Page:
How often I slip
on the slick leaves The Unequal
pulls me up again
The haiku is a “fall” haiku — the season is the scene of such happenings. Which happenings?
The energy is leaving the world — leaving the leaves, which are rotting underfoot. Yet that energy — or is it a more original energy — which comes from outside the self in an emergency, and “equalizes” the fate of finite things — it is unnameable, but in the event, a surge of praise rises as response.
The “I” of the finite self is subject to the whim of contingencies, but in certain circumstances it becomes “me” in a “hyper” happening, or event from beyond the self. We know this from experience but we have no language for it.
Well, we DO have a language for it. This is from God and the Between, by William Desmond:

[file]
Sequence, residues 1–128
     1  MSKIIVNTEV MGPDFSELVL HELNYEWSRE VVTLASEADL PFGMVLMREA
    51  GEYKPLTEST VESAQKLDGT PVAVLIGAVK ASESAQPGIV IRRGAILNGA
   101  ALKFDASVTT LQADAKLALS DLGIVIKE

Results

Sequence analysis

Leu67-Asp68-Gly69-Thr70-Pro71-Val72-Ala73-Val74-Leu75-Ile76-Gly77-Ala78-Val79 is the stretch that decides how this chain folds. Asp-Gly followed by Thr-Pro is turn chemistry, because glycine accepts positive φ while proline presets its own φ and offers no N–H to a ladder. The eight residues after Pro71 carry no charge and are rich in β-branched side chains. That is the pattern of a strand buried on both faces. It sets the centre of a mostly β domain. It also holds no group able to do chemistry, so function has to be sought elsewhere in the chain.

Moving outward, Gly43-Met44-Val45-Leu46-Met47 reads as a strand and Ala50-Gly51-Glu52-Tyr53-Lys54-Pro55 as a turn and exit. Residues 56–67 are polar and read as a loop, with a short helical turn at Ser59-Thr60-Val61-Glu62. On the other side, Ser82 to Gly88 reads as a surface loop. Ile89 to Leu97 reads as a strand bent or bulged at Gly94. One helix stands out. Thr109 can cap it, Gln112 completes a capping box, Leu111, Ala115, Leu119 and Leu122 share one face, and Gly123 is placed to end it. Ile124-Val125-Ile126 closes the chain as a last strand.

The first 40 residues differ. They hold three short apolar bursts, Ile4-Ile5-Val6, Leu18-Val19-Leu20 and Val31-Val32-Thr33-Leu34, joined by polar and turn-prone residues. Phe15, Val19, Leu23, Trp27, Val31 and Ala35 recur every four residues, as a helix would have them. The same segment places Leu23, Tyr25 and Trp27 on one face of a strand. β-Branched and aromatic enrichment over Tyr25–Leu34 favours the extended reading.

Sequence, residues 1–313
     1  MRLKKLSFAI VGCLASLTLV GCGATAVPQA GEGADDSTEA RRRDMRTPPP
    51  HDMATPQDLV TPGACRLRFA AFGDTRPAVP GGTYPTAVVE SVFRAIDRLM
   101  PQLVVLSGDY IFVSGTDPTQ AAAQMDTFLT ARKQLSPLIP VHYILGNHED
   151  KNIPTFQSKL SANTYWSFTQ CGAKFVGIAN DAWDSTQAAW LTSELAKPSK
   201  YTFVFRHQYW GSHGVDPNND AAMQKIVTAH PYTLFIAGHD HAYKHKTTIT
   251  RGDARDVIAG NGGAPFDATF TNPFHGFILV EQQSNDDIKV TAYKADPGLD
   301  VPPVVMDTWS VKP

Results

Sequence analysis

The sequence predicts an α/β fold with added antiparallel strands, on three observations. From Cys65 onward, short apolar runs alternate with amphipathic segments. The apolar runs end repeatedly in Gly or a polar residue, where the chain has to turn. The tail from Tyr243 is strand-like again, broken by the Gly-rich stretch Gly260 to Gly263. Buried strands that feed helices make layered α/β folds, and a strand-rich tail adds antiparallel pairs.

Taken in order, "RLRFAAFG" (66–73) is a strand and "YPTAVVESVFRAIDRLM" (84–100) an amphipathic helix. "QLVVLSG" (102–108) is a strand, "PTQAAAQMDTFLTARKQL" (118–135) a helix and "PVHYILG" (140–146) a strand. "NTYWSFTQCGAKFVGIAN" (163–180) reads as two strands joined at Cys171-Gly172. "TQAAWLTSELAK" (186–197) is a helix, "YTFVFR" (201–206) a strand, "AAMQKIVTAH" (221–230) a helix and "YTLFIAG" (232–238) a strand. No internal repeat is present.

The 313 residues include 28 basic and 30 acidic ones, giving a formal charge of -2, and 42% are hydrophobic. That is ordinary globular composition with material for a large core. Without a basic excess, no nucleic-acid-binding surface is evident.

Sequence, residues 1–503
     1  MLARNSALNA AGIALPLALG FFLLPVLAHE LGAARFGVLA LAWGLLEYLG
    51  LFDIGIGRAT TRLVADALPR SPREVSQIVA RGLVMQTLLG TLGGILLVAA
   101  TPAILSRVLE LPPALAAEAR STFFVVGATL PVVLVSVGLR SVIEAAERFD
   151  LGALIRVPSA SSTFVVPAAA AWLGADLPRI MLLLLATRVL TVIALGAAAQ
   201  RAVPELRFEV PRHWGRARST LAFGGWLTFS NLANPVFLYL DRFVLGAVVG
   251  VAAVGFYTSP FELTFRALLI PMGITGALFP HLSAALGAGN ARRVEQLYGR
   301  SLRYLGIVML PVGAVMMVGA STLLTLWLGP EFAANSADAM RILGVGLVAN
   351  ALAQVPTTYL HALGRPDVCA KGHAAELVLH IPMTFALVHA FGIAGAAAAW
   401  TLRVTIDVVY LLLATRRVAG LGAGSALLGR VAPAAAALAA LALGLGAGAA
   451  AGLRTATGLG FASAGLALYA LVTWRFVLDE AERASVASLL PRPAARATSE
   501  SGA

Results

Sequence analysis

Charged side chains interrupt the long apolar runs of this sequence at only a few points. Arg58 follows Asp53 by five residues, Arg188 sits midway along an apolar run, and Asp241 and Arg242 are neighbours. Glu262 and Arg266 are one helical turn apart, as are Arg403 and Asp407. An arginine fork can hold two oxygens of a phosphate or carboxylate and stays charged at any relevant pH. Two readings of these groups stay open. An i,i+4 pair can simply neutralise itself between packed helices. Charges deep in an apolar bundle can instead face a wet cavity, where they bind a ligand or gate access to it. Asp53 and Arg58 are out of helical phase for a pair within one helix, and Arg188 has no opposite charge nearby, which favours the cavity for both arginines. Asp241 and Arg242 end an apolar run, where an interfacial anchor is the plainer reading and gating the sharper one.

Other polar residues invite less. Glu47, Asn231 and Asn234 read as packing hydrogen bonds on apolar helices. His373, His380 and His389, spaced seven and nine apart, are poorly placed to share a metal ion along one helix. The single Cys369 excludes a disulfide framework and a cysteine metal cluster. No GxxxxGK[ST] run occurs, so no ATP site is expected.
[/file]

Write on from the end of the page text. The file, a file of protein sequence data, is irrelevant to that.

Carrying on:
“What is it to ‘make way’? it is a surprising creativity that is not actively subordinating of anything. The Unequal does not flatten itself but reverses itself, placing itself on the footing of the creature, equalizes itself for the sake of the other. This is the divine patience or (com)passion entry into all that the finite undergoes, including poverty, abjection, despair, and death. For love of finite life, the agapeic God harrows even hell. This is the opposite of the self-enclosed transcendence that the dualistic way proposes. The porous between is nothing static, but an ongoing milieu of divine absolving: absoluteness in relativity, relativity in absoluteness.” (255)